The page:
Saturday, March 26, 2011

Protests, Parliament and Ali al-Lami's banning again

Yesterday it was raining in Baghdad. Young and old Iraqi people gathered in Tahrir square in center of Baghdad, hundreds of Iraqis demonstrate in central Baghdad under the slogan “Friday of accountability” demanding the release of detainees and the prosecution of corrupt officials.
The Iraqi demonstrator has to walk for few miles to get to the square, after the Iraqi government forces closed several streets with barbed wires, one of them is an Iraqi young blogger who is a college student and work as a free lance reporter in free time to make a living, he had been beaten twice by the army in the past weeks demonstrations. He and other Iraqi bloggers and activists had received death threats via SMS messages and on their Facebook accounts. They do not know who sent these threats but they heard stories about some official personalities keeping a close eye on the activists activities on the internet. These threats did not stop them to stand under the rain raising slogans calling for reform and change the system in the face of rampant corruption circles in the state. Surrounded by the military vehicles escorted by detachments of the security force to report the news of the demonstrations is not an easy job ,the writer of this article received 2 threats from unknowns on facebook after posting an updates on the demonstrations.

The above is from Wamith Al-Kassab's "Baghdad: Demonstrations in the rain" (Mideast Youth) on yesterday's protests. The groups leading the protests issued the following statement:

After suffering which has lasted eight years, during which our lives and dignity were violated, our livelihoods and our wealth plundered, and the happiness and futures of our children stolen, in the shadow of great oppression, a period the Iraqi people dealt with great ...patience and with their known steadfastness in facing crises; the moment has come in which the Youth of Iraq has broken the silence, and has decided to choose to demonstrate , to strike at oppressors and corrupt, and to state quite bluntly that patience has its limits and that the rights of nations will not be lost; so the Great Rage Revolution was born and crowned the popular movement which has lasted for years.

This is a day which has gone down in the annals of history and whose letters have been engraved with light, that recounted the epics of the nation that rose from its north to the very tips of its south, challenging live ammunition and state repression; it offered more than 20 martyrs of its finest rebell sons; this day has become the turning point in the history of the Iraqi People…. The day we rose against our bad reality; when we attacked great injustice which affected us all, and we came out from being a great silent marginalized majority to a majority that fills the spaces with the sound of justice, that registers an impressive presence which attracts the world’s interest.
Based on the foregoing, we say to the free-spirited and defiant youth of Iraq, out of loyalty to the blood - shed by our martyrs and the demands of our patient people, and after lengthy examination of the previous phase, an assessment of our achievements, and taking stock of our failures, we have come out with important matters that we hope everyone will uphold, and take into consideration:

First: The media is half the battle, and is a necessity for those who have the right to promote their cause, and because the media is busy, at present, covering many events in the world, we suggest that we work, during the next phase, on intensifying the building-up for a great demonstration, as was the case before the Rage Uprising on the 25th February.

Secondly: The build – up for the demonstration on 9.4.2011, the painful anniversary of the occupation of Iraq, which happens to be a Saturday, paying special attention to the fact that the central demonstration will be in Baghdad, the Capital, in Tahrir Square, in order to forestall any party attempting to exploit events for their own special interests, far away from the higher interests of the Iraqi People.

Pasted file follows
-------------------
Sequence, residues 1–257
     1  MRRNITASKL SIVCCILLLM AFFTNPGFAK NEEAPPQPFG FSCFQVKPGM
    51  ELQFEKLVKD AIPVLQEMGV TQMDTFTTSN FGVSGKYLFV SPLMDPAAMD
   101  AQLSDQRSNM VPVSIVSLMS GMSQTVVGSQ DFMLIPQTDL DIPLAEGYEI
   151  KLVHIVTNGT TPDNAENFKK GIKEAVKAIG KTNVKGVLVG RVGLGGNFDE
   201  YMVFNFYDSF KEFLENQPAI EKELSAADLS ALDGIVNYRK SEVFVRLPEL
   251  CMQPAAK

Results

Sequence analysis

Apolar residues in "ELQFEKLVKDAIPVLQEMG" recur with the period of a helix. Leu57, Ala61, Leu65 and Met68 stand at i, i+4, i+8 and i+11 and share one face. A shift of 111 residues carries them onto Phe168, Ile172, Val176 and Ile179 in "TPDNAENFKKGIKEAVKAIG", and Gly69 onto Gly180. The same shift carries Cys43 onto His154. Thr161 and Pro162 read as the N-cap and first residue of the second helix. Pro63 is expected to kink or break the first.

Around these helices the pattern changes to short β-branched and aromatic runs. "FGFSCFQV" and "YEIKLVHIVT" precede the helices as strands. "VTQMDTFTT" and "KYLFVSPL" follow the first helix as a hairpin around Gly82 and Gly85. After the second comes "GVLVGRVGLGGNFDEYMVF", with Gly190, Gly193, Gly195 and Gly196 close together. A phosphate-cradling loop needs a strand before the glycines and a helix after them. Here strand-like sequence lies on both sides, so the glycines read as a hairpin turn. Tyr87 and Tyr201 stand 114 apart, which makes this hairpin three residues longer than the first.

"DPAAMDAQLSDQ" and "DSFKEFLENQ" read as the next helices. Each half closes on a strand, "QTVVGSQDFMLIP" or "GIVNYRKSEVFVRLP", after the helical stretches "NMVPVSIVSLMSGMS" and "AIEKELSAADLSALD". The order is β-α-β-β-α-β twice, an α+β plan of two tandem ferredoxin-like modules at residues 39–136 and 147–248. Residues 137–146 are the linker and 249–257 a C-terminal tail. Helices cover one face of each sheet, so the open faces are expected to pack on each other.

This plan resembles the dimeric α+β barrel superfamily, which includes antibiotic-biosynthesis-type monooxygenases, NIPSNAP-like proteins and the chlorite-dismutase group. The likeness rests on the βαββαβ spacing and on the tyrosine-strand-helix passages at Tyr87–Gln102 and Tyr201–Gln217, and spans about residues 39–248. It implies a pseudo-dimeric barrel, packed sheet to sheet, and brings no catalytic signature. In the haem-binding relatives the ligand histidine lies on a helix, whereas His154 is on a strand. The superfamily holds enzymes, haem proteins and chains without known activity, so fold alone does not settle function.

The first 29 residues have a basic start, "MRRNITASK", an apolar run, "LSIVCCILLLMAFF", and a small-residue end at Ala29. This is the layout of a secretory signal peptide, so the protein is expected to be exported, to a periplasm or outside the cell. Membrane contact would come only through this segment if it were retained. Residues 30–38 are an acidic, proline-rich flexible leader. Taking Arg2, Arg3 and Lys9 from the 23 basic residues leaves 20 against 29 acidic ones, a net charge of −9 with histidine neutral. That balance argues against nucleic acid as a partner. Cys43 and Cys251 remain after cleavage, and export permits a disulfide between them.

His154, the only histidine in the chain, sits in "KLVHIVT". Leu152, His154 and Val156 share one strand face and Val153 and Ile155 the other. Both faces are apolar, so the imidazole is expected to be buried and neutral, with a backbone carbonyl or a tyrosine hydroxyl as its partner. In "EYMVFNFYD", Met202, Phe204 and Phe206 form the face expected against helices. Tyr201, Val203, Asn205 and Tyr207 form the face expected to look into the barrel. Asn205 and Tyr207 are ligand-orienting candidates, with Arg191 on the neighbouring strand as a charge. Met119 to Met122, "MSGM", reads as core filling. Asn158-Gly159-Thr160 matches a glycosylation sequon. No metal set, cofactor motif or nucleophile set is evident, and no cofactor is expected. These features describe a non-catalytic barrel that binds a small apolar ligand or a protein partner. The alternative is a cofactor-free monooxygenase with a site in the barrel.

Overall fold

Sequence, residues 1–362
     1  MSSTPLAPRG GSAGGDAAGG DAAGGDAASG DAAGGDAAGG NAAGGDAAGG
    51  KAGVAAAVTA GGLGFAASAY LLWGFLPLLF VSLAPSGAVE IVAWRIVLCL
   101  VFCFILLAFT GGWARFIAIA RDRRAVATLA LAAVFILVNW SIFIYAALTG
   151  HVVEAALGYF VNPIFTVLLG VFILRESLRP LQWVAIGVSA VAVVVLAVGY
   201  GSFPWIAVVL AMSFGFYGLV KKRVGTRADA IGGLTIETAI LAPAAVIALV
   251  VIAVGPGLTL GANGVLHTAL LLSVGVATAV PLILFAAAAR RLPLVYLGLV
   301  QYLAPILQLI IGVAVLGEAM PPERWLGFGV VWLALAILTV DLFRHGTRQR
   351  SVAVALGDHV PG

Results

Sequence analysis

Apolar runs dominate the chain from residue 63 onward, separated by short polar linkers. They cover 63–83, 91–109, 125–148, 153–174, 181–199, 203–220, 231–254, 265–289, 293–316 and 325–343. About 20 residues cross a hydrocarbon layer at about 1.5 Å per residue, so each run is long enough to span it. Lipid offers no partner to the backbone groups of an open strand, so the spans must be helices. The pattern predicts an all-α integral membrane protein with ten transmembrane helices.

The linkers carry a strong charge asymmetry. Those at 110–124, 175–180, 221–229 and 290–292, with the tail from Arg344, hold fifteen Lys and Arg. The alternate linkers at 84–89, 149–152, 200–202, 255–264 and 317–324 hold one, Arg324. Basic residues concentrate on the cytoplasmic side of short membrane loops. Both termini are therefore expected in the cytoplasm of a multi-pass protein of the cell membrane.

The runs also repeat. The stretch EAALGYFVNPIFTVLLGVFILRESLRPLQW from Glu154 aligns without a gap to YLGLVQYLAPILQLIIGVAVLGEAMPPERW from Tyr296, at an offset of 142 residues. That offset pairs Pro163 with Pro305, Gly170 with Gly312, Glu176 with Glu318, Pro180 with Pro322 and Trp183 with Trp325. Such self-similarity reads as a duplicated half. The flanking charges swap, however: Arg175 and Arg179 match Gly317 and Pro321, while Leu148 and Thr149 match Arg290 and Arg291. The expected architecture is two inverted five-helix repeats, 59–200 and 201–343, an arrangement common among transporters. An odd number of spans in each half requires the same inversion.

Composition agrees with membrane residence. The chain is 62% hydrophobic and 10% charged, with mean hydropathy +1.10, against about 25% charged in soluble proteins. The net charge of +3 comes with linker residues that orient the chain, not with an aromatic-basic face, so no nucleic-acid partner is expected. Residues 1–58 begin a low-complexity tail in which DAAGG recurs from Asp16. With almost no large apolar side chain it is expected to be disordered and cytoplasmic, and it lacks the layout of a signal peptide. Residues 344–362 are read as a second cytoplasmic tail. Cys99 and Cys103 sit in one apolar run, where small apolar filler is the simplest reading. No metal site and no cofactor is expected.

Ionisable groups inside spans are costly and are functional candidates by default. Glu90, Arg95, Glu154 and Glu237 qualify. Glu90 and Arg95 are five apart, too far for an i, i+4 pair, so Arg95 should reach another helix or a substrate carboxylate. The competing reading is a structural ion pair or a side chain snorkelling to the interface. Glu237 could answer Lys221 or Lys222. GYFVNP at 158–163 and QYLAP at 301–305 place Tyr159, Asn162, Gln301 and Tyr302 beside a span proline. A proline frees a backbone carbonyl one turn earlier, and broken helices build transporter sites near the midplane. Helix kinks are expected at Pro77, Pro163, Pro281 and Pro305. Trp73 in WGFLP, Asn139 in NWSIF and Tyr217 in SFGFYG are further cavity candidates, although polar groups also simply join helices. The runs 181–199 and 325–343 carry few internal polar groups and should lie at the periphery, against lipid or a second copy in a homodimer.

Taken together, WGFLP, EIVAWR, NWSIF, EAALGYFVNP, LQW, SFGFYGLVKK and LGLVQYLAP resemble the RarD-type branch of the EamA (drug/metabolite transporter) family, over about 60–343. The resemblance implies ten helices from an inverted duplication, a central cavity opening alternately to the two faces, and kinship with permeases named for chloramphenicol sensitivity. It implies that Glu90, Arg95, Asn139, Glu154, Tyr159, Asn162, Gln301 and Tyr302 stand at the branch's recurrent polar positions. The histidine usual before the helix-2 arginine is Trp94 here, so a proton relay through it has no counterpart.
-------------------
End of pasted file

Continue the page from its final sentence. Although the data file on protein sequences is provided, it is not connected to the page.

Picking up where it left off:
Third: We hope that our people will not repeat the 25th February scenes, and that this time round, they will remain in the Square for a long period of time, to dominate it and thus manufacture the event which will force those concerned to listen to our demands as well as for the media to promote the justice of our demands.

Fourth: Avoid clashing with security forces as much as possible, because as a result of our short experience in demonstrations, they do not possess any other language than brute force when dealing with any protests; and try to deal with them in such manner that assures them, which will force them to deal positively with demonstrators.

Fifth: Form committees to control the anger of the demonstrators - as much as possible, especially in the provinces in order to avoid the burning down of government offices and the destruction of public property, upholding our commitment to demonstrate peacefully, so as not to give the opportunity to those who call the revolutionaries vandals ignoring the reasons for such condemnable actions, despite our understanding of the reasons which caused some people to carry out such acts.

Sixth: We call on all Iraqi communities all over the world and in particular those communities who live in countries where international decisions are made, to move and to support us in our demands; to demonstrate in front of Iraqi Embassies in these countries constitutes pressure on the government as well as the occupation; in addition to embarrassing it internationally especially on presenting the photographs of the government’s latest crimes and its suppression of the demonstrators, in order to benefit from the present international atmosphere which condemns every government that suppresses its people who demonstrate peacefully.

In conclusion, we are announcing to the corrupt Green Zone government and to all the sectarian and ethnic political parties and at their forefront, the top of the government pyramid, that we hold him legally responsible for the death of the 25th February martyrs, the coming of a summer much hotter than the one Iraqis suffer without electricity and cold water; we demand that they respond immediately to the demands of the Iraqi People and leave governance to the Iraqi People who have publicly regretted their choice, rather than continue arrogantly in the charade, and we tell them: "today, you may still have the opportunity to do the aforementioned, but no one can guarantee you what will happen tomorrow or the day after at the latest, for darkness possesses one round but right possesses rounds, and that the change that the people are seeking is inevitably coming.

Glory and Eternity to Iraq’s Martyrs.
Glory and Eternity to the Martyrs of the Rage Rebellion


1- The Great Iraqi Revolution
2- The 25th February Alliance
3- People’s Movement to Save Kirkuk
4- Free Iraq Students and Youth Organization